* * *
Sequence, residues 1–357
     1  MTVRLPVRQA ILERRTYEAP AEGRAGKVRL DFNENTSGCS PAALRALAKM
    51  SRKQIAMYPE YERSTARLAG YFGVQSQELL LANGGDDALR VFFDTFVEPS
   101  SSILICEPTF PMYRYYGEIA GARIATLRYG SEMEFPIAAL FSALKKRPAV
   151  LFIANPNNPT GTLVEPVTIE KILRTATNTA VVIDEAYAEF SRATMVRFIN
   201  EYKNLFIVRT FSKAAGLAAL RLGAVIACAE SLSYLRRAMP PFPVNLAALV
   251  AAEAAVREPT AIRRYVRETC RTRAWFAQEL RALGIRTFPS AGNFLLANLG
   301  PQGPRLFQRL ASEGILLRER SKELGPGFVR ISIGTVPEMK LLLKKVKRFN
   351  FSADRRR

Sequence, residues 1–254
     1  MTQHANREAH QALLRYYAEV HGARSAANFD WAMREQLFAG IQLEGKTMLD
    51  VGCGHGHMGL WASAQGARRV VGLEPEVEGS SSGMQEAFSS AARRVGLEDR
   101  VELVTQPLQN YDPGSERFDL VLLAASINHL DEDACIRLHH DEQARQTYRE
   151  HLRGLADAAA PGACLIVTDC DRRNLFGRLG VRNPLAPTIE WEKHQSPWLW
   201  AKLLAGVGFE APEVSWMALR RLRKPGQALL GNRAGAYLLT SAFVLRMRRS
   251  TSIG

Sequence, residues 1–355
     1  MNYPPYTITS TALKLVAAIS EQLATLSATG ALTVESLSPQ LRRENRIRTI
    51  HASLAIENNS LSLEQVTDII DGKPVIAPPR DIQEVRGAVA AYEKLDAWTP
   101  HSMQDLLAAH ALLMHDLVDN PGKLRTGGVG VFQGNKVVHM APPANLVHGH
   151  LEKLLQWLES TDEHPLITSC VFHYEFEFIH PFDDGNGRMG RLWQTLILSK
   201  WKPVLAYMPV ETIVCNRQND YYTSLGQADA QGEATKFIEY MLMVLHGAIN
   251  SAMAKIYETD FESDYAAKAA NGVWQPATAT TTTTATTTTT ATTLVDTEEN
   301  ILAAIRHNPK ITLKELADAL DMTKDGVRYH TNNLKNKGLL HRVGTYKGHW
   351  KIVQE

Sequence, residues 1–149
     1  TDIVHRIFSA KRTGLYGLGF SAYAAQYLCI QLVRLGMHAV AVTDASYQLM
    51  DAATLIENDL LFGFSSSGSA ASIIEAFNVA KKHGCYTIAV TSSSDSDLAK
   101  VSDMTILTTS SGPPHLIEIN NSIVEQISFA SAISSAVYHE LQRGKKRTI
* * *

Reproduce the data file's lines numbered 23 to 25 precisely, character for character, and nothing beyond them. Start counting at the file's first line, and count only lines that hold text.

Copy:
   251  SAMAKIYETD FESDYAAKAA NGVWQPATAT TTTTATTTTT ATTLVDTEEN
   301  ILAAIRHNPK ITLKELADAL DMTKDGVRYH TNNLKNKGLL HRVGTYKGHW
   351  KIVQE